It is quite possible to make notes readable and yet also contain the jibberish needed to get paid and not get sued. At our office the forms to enter data ordered in a way that the key information is easily visible on the first screen. More of an APSO format than a SOAP format. We also have designed an initial screen to view most of the relevant information on one screen. I think having current problem lists, medication information, and essentially never having a lost or misplaced chart, as well as info available from home or hospital when on call outweigh the problems mentioned in this post. It sounds like administrators designed and rammed this system down your throats. At our smaller private office we molded the EMR to work for us.

  • http://www.neilmehta.com Neil

    Great to read Ed’s comment.
    In large centers with students and residents and multiple specialties getting customization in EHR is difficult; even more difficult is to maintain standards in documentation like your APSO format, etc.

    Ironic that the adoption of EHRs is mostly in these large centers and lags behind in small practices. Your story should give heart to non-adopters. Glad it is working well for you!

    My complaints about some of the large EHR systems relate to this lack of customization of user interface, workflows, and functionalities that are achievable.

  • http://EHRtv.com Nicole

    The EHR can have tremendous benefits in gathering quantitative data, and yes, it can lack in the ability to gather qualitative data. However, I think there is a shift towards developing integrated technologies that will assist in enriching the ‘patient story’ within an EHR. Many EHRs are able to integrate with speech recognition software, and one of the more exciting technologies out there is speech understanding, from M*Modal. This technology translates physician dictation in real-time into a searchable, structured document.It is esentially translating the rich qualitative data into distinct data points. EHRtv recently interviewed Dr. Nick van Terheyden, Chief Medical Officer of M*Modal, at HIMSS10. It’s a facinating interview that can be viewed here: http://www.ehrtv.com/mmodal-nick-van-terheyden-mar-2010/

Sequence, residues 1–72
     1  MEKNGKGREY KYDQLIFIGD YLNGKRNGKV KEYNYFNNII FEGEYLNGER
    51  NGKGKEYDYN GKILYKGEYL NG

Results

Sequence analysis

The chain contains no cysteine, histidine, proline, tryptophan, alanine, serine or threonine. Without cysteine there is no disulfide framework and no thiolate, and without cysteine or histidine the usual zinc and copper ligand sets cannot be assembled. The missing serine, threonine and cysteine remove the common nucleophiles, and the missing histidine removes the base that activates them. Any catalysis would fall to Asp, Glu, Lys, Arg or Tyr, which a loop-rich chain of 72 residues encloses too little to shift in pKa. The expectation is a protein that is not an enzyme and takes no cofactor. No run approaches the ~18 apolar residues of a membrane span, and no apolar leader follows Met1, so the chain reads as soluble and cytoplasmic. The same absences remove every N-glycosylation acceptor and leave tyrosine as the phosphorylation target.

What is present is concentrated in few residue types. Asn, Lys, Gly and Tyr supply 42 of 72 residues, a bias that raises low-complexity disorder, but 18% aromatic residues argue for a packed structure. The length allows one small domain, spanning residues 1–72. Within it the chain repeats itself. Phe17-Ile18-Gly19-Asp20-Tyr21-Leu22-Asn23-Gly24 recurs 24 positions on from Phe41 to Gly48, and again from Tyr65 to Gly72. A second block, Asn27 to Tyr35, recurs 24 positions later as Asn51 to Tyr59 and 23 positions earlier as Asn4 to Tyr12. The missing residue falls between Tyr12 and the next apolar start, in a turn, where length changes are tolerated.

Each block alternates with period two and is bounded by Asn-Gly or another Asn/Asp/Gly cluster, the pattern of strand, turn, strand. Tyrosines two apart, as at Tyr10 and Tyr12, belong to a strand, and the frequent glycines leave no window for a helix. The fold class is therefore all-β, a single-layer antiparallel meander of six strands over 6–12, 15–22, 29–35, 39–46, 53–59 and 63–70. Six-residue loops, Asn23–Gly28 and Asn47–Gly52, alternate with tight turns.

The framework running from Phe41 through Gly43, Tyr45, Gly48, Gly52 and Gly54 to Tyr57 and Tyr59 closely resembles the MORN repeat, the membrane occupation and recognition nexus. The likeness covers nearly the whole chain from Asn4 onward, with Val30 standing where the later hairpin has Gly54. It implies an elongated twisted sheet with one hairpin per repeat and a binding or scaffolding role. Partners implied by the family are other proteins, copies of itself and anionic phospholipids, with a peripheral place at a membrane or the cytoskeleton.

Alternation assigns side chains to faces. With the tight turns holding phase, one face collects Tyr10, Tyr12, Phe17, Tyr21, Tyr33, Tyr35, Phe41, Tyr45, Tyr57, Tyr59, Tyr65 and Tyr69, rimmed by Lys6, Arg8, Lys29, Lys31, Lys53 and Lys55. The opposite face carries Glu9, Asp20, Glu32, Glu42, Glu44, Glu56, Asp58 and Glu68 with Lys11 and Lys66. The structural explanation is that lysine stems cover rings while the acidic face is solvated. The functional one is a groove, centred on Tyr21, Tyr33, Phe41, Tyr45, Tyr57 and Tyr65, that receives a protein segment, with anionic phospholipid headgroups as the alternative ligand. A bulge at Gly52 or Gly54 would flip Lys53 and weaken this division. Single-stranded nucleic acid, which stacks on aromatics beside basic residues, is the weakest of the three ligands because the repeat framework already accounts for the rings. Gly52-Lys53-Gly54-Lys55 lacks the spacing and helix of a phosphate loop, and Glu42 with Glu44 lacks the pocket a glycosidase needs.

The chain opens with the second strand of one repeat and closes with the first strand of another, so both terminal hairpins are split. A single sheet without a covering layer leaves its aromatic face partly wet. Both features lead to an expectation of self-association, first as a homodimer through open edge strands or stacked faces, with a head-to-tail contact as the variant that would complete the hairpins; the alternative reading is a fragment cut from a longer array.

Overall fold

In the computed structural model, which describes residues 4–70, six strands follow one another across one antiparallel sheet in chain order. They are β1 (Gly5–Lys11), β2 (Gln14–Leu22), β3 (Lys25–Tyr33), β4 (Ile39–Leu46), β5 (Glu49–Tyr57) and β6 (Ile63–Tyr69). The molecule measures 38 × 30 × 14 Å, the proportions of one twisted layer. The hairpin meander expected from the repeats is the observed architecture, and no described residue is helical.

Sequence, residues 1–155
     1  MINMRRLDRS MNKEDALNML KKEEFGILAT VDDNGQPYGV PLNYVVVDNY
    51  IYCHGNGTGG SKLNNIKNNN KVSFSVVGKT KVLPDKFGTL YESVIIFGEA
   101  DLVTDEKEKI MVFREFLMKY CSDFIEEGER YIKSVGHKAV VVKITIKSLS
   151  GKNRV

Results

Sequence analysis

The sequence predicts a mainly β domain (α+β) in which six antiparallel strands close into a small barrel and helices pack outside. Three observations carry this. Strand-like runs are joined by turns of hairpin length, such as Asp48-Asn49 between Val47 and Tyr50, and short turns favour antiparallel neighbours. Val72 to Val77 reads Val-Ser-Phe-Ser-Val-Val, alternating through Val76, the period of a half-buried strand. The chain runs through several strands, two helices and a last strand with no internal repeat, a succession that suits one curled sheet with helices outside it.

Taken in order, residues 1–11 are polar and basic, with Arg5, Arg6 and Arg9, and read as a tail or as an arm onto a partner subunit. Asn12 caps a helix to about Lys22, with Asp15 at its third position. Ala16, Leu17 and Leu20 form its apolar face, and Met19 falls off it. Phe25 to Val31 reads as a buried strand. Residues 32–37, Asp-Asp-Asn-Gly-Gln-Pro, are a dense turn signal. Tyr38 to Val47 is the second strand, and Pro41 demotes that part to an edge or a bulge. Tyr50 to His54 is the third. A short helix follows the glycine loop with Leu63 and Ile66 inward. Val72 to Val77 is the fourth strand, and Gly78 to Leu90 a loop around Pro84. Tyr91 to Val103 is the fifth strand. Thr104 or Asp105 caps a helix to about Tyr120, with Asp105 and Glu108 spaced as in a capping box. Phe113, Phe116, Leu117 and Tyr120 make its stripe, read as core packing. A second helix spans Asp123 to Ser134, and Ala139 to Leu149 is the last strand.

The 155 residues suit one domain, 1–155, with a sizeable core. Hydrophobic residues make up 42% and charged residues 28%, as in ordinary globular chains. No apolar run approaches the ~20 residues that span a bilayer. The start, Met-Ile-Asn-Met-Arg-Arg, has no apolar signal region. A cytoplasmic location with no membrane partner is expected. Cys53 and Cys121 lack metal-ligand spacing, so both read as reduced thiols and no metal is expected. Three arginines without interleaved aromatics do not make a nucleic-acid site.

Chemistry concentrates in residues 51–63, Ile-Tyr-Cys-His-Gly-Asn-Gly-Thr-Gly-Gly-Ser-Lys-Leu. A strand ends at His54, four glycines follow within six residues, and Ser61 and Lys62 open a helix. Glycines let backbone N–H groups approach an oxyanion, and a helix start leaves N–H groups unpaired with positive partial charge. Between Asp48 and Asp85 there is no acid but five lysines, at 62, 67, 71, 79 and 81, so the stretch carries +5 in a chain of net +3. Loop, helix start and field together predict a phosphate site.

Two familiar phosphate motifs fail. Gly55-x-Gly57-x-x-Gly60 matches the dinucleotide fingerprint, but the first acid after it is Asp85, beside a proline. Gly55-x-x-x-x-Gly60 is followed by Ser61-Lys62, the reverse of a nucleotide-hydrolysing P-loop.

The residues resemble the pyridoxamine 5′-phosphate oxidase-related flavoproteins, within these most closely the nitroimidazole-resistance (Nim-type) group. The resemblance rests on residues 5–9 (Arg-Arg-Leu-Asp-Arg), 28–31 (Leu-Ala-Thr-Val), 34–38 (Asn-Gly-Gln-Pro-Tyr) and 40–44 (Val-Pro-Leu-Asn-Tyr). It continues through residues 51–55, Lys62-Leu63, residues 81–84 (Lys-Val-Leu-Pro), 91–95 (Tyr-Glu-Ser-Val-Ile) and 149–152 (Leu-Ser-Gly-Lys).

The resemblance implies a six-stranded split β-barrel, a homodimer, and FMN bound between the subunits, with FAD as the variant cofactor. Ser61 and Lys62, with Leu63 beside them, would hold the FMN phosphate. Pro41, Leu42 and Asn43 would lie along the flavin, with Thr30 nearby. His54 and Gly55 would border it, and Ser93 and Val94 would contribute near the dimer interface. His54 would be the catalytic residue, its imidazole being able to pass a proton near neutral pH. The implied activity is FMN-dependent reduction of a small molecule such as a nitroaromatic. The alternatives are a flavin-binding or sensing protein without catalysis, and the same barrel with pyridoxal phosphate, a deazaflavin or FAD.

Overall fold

• http://curbside.posterous.com Nuclear Fire

    Great post. I completely agree.

    In order to make my own writing more relevant, I’ve taken to writing my assessment, discussion and recommendation sections at the top of my note.

  • Tamara

    I represent an EMR solution that is customizable with the ability for stylus entry. However, as healtcare worker it is clear to me that it is far more important that we have leaders that will listen to the American citizen with actual expertise before jumping in on mandates.

    As a person who loves technology it can be beneficial for all if we ensure fair and ethical (and I hate saying that because those words have lost all meaning) treatment of not only the patient but the respect for their privacy. Then I look to other applications, and I want to go to France, or Scotland for the summer, then a down load into a thumb drive attached to my key chain, is a cool benefit of seeing a physician who provides EMR. That is of benefit for anyone just wanting to travel the US.

    The ability to spend more time with the patient is possible if you are really looking to automate your office going paperless. Your patient wants to make an appointment or request a refill, or make a payment, an integrated online reception page with secure features will sure create a different atmosphere inside the office.

    There are definitely pros, and cons……..I say make it bend to your will….;-)

    I have questions for you as well. Has EMR/ EHR consolidated billing and coding